Later that morning I contacted a doctor’s office in Los Gatos to make inquiries into his alternative procedures to hysterectomies. I also asked if they had any information about Dr. del Junco, Jr. The overtone was certainly negative but the consultant was very careful not to say anything specific except to say repeatedly “Do your research very carefully.” Again, my skepticism rose.
After that I contacted a member of our faith that works with a hospital liaison committee in Los Angeles and inquired about the reputation of Dr. del Junco, Jr. as a surgeon. I was told that Dr. del Junco, Jr. “is well known by us. He has a fine reputation.” That very much put me at ease as we have great respect for the work and experience of the liaison committees throughout the country.
I again contacted Patricia at the IFAM and expressed my concerns after being worked into a frenzy by the doctor in Portland. She professionally and kindly answered each of my questions until I was satisfied that what I had been told was simply unfounded propaganda. I reasoned that thus far I had found nothing negative on Dr. del Junco, Jr. or his procedures, only hear-say. So, my wife and I agreed that we would proceed with the scheduled surgery at the end of the month but I would continue to research FAS, IFAM, and Dr. del Junco, Jr.
Initially I believed the Portland doctor’s opinion was professional; his credentials on his clinic’s website seemed impressive and he had even helped create an online, video based community where surgeons could share their experiences, techniques, and best practices. Regardless, I feel that he acted in an unprofessional manner. I was angry that he was able to convince me so quickly to dismiss what my gut had been telling me was the proper course after much careful research. I told myself that if all went well with FAS, I would call him back to give him a piece of my mind.
For the next two weeks I searched, hunted, and scoured the internet for any information available on Dr. Tirso del Junco, Jr. I found quite a bit of information and learned a lot about his background in the medical community. Besides a few benign review comments on spurious ratings sites, I could only find positive things about him, his family, his clinic, his work in the community, and his procedures. Though the results of my research built more confidence in Dr. del Junco, Jr., it wasn’t until I met him in person that my doubts and concerns were alleviated. He calmly and professionally answered each of my pointed questions and I never felt that he was talking down to us or that he was in a hurry to get the consult over with. On the contrary, he seemed genuinely interested in not only my wife’s physical and emotional health, he also showed a personal interest in me as the husband to allay any concerns I had so that I could focus on what was important –reassuring and supporting my wife through the surgery and recovery process.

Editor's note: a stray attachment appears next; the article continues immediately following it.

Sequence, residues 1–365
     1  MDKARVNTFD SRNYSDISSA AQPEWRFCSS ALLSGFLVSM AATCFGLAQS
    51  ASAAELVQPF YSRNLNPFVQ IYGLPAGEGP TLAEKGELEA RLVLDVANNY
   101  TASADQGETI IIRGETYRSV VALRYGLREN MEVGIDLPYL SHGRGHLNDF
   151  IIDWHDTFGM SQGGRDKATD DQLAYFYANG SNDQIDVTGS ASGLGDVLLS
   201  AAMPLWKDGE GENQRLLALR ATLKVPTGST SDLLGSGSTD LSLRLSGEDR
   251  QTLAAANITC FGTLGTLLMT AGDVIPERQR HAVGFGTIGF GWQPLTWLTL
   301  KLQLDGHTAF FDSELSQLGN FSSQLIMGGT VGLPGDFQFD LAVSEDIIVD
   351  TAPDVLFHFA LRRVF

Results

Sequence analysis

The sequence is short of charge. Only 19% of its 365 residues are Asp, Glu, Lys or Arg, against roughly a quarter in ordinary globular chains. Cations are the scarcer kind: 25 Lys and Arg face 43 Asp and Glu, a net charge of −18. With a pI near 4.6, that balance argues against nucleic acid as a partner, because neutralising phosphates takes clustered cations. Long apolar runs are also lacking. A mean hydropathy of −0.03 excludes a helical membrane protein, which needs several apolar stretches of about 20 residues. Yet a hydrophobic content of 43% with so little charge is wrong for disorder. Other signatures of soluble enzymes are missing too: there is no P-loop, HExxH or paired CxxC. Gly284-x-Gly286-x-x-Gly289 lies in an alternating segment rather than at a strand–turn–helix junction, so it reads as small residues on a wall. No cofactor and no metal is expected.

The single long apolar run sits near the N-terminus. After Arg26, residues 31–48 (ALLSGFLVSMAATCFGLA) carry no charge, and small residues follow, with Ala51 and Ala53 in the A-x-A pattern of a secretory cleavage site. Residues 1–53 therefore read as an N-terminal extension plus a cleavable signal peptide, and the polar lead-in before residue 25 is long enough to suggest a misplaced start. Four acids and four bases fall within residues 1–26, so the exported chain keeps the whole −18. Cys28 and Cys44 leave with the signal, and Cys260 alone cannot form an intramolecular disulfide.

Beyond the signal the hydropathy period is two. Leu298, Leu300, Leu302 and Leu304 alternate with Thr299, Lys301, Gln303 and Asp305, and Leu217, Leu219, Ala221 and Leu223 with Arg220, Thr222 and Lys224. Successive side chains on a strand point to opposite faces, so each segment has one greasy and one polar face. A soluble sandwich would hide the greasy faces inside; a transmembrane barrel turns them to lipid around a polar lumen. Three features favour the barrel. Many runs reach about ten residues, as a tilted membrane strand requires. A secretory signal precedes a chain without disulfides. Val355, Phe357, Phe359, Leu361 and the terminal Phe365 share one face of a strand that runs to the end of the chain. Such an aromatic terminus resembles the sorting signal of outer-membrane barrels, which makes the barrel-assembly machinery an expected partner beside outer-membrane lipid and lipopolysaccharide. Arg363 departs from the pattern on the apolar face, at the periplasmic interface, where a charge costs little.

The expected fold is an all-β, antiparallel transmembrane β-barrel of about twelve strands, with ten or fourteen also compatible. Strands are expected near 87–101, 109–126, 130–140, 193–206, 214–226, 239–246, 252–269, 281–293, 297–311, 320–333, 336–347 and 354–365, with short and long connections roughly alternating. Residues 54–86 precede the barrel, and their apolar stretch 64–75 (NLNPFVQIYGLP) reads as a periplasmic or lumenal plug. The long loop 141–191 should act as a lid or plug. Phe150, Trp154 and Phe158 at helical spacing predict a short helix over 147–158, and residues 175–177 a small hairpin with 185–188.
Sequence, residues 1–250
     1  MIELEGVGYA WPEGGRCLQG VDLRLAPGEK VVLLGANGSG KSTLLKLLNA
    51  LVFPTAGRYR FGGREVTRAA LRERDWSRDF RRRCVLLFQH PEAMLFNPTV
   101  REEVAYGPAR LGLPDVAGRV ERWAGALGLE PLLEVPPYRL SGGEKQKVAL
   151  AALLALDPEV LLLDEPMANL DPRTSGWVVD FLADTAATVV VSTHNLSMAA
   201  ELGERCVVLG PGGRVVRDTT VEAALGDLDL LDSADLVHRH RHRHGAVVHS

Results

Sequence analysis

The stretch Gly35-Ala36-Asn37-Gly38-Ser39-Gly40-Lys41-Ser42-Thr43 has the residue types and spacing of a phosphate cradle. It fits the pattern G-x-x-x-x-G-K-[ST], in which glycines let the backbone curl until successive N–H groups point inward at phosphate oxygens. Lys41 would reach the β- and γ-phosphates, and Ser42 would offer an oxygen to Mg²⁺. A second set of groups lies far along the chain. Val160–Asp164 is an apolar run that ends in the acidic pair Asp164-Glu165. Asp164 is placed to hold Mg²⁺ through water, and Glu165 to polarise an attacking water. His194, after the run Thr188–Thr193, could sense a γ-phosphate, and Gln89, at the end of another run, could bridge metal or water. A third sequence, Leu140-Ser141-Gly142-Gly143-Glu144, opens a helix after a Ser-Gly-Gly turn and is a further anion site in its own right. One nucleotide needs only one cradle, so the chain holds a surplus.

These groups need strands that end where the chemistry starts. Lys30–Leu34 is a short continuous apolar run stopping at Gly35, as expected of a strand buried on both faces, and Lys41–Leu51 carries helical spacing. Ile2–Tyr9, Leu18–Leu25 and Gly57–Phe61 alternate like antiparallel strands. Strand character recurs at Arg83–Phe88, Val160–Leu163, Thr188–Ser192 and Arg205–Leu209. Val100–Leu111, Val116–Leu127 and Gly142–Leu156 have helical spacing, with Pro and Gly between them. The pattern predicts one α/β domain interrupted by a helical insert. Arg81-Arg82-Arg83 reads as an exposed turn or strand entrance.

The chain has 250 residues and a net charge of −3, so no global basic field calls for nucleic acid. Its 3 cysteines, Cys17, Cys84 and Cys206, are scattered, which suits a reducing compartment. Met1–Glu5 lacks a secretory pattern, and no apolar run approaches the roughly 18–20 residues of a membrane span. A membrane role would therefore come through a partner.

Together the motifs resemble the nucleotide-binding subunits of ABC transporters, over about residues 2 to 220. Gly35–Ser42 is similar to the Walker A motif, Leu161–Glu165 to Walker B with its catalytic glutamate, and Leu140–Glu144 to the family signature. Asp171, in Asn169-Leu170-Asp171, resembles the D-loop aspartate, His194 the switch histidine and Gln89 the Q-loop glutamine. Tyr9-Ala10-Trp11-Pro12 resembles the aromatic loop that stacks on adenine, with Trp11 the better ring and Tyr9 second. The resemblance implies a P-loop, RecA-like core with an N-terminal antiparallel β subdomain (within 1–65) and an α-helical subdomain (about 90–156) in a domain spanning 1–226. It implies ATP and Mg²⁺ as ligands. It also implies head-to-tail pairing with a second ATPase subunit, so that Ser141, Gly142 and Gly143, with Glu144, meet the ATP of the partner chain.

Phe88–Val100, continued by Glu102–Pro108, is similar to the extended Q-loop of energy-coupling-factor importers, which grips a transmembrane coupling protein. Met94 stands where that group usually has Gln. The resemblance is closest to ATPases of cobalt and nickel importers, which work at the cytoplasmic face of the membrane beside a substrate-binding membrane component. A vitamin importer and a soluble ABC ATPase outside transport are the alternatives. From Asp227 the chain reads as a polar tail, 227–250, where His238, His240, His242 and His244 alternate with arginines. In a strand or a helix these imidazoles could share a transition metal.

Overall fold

Regarding the overall experience at Temple Community Hospital, their staff, the accommodations, and Dr. del Junco, Jr.’s bedside manner, I can only say positive things. While the hospital is not new, we never got the impression that anything was out-of-date and the cleanliness more than met our expectations. The hospital staff was very friendly and welcoming and gave first class care during our stay. Almost one year later, my wife is completely satisfied with the results of her surgery. I stand by her side as she is a strong advocate for alternatives to the seemingly rubber-stamp recommendation to have a hysterectomy. We continue to share our story with friends and acquaintances in the hope that the road to finding a solution for someone facing the same decision is easier.
It is regrettable that in this day and age of medical knowledge and better understanding of the physiological make up of women, the medical community as a whole seems to continue to advocate a radical procedure when there are indeed viable alternatives. It is dishonorable that there are professionals out there ready to discredit their colleagues with no sound basis for their claims.
In retrospect, such attacks come off as mere ploys for commercializing their procedure through the use of scare tactics. Shame on them. Yet, found swimming against the current of skepticism and ignorance there are a few great professionals that rise above the squabble for clientele and address the true needs of the patient, physically and emotionally. Among these men is Dr. Tirso del Junco, Jr.
Thank you for making the health of your patient your first consideration and for treating the patient, not the disease.